The Electoral System
The far-reaching electoral reforms implemented before the 1989 elections represented a further attempt to transform Chile's party structure into a moderate two-party system. The constitution of 1925 had established a system of proportional representation to allocate seats in multimember districts, the most widely used system in Latin America and Europe. For the elections to the Chamber of Deputies, the country was divided into twenty-eights districts, each electing between one and eighteen deputies for a total of 150, producing an average district delegation of 5.4 deputies. Although implementation of the proportional representation system was not responsible for the emergence of the country's multiparty system, it encouraged party fragmentation, particularly before 1960, when parties were allowed to form pacts with each other in constituting individual lists.
Women were granted the vote for municipal elections in 1934 and for national elections in 1949. Chile has a lively history of women's civic and political organizations that goes back to the early decades of the twentieth century, including the formation of two political parties led by women, one of which, the Feminine Civic Party (Partido Cívico Femenino), elected its main leader to the Senate before it faded from the scene in the mid-1950s. However, there are still conspicuously few women in national politics an din top government positions. Only six women were elected to Congress in 1989, and only one woman held ministerial rank in President Aylwin's government. Yet close to half of all Chileans who were affiliated with parties in 1992 were women, and slightly more than half of the electorate is composed of women.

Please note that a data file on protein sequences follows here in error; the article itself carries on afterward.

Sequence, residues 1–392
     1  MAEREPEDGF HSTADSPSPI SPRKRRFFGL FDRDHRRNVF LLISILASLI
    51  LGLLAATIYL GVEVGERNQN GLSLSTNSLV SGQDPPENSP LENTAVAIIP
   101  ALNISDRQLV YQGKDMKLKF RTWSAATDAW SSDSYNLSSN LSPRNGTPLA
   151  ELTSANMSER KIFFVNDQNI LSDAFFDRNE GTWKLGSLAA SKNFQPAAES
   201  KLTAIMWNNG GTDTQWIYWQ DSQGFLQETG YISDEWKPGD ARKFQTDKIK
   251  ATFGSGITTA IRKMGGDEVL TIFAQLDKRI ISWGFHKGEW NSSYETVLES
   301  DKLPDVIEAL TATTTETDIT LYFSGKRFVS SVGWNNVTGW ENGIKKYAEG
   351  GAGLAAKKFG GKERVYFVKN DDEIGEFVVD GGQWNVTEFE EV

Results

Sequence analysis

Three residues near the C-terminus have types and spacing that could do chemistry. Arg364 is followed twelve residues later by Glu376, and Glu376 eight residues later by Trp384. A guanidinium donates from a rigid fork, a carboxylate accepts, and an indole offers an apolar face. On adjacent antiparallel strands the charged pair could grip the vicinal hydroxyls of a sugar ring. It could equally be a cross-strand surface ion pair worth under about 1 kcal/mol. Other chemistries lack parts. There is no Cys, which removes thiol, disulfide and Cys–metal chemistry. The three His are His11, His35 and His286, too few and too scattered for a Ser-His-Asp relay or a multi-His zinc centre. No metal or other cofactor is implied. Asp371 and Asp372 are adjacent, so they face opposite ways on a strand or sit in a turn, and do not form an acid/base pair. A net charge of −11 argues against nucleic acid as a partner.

The military government redrew electoral boundaries to create sixty legislative districts, each of which would send two representatives to the Chamber of Deputies. Redistricting favored smaller and more rural districts that were deliberately designed to favor progovernment parties. Thus, one vote in District 52, which was a government stronghold in the plebiscite, was worth three times more than one vote in District 18, in which the opposition had fared better. By reducing the electoral districts to an average representation of two deputies per district, the military authorities sought to create an electoral formula that would provide supporters of the Pinochet regime with a majority of the seats in the legislature, with a level of support comparable to Pinochet's vote in the plebiscite, or about 40 percent of the turnout.
According to the new law, parties or coalitions continue to present lists with a candidate for each of the two seats to be filled. The law considers both the votes for the total list and the votes for individual candidates. The first seat is awarded to the party or coalition with a plurality of votes. But the first- place party list must receive twice the vote of the second-place list, if it is to win the second seat. This means that in a two-list contest a party can obtain one seat with only 33.4 percent of the vote, whereas a party must take 66.7 percent of the vote to gain both seats. Any electoral support that the largest party gets beyond the 33.4 percent threshold is effectively wasted unless that party attains the 66.7 percent level.
The designers of the electoral system considered the worst-case scenario to be one that assumed a complete unity of purpose among the anti-Pinochet forces, a unity that would at best provide them with 50 percent of Congress. Government officials were convinced that another scenario was more likely: the parties of the centerleft would soon fragment, unable to maintain the unity born of their common desire to defeat Pinochet. The military government envisioned multiple lists, with the list of the right being the largest, able to double the next competing list in many constituencies and thus assuring the promilitary groups at least half of all elected representation, if not a comfortable majority.